I can only imagine how this arrived so far away. It’s reminiscent of a message in a bottle. It must have flowed from Pamlico Sound into the Atlantic, up the coast and through Ocean City Inlet and on to Isle of Wight Bay. Maybe it hitched a ride snagged to a rudder. At any rate, that’s some journey!

 

Bridging the Gap

No matter how you look at it, the new bridge over Oregon Inlet is an engineering marvel. For the past few years, driving over the old Bonner Bridge, we witnessed the construction progress, going together like a humongous tinker toy.

Last Saturday, NCDOT opened the new thoroughfare just for pedestrian and bike traffic. It happened to coincide with 40° weather and a northeaster, making it somewhat more challenging.

The Bonner Bridge is well past it’s life span, so it’s out with the old, in with the new.

At 10:15 we began our walk on the north side, heading south, downwind. Dozens of folks had already begun the 2.8 mile trek.

With a 30 mile an hour breeze at their backs, bikers hardly even needed to peddle.

Everyone was bundled up.

Equipment was still in place.

Following a curve, the new road rises to the peak about 90 feet above the water.

The high point of the old Bonner Bridge is about 70 feet.

Hitting the uphill grade, I felt the wind intensify as if the bridge created a Venturi effect.

Facing into the wind from the rise, I saw more approaching troops braving the elements.

On top the wind seemed to accelerate even more, as tide boiled through the inlet.

Photo ops were everywhere and everyone became photographers.

This crew got the shot and then in a gust…

… almost got blown away.

Three quarters into the walk, the south end of the new bridge converges back toward the old bridge landing.

Looking back I could see hundreds of people still underway.

A cyclist coasted to the end of his downhill run.

Welcome to Hatteras Island, home of Highway 12, probably the most expensive road to maintain in the entire state.

 

 

 

 

Epilogue Maria

Wednesday morning my barometer was still reading 996 millibars as the center of Maria moved slowly northward offshore over a hundred miles away.

The winds shifted from northeast, north and then northwest. Already high sound tides were getting slightly higher, but not high enough to cause concern. Our neighbors in Hatteras Village and Ocracoke had more storm surge and it flooded some of their streets.

Meanwhile the tumultuous ocean wet the highway through Mirlo Beach.

The artificial dune line north of town was keeping the highway passable.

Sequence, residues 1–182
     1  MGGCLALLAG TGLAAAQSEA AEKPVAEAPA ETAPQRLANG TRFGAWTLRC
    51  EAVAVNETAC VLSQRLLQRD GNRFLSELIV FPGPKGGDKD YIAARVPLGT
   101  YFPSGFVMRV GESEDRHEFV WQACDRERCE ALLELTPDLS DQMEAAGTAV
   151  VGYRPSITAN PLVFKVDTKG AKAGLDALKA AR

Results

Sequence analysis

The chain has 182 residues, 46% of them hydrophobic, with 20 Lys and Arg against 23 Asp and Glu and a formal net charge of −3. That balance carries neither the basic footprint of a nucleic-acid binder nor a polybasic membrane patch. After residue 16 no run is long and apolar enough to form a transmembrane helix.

NCDOT worked frantically to keep the water from washing out the road at the S-Curve…. just barely.

It looks like north Rodanthe survived another one.

Seas were still intense yet I could see it was beginning to show signs of moderating.

The clouds from Maria kept drifting around.

Rodanthe Pier is always a great place to view the excitement.

Eric and I ventured out on the shaky deck as a huge set rolled in and broke right in front of us.

We were astonished to see a couple of teenagers body surfing in the hurricane soup… just craziness.

Having been out on the blowing beach all day, I decided to head home and wash the sand off.

Later I drove to ramp 25 to end my date with Maria. The seas were calming down as the sun set.

Hurricane clouds loomed in the sky.

And I kept shooting the awesome environment around me.

The best hurricanes are the ones that keep their distance.

 

 

 

Closer Call Maria

Thankfully Hurricane Maria is forecast to go by out to sea, east of us. It should be about a hundred miles away early tomorrow morning while weakening to a tropical storm.

Nonetheless it’s a blustery day in the villages, with gigantic seas and northeast winds gusting to 40 and higher.  As Maria passes, winds should clock around due north then northwest. The switching wind is usually dramatic.

At noon the ocean off Rodanthe was already in turmoil.

The main concern on Hatteras Island will be flooding from the Pamlico Sound. I’ll post more as conditions allow.

continued…. At sundown, I went to check the north end of town again. That’s where the action is.

This evening the S-Curve is still passable at low tide.

There were some breaks in the cloud cover with intermittent rain squalls.

It was a chore holding the camera steady in wind gusts.

For maximum sky coverage, I used a 20mm lens.

In the quickly fading light, I made sure to get a vertical shot.

Tonight I’ll have my truck parked on higher ground. Tomorrow will be different.

So far, so good!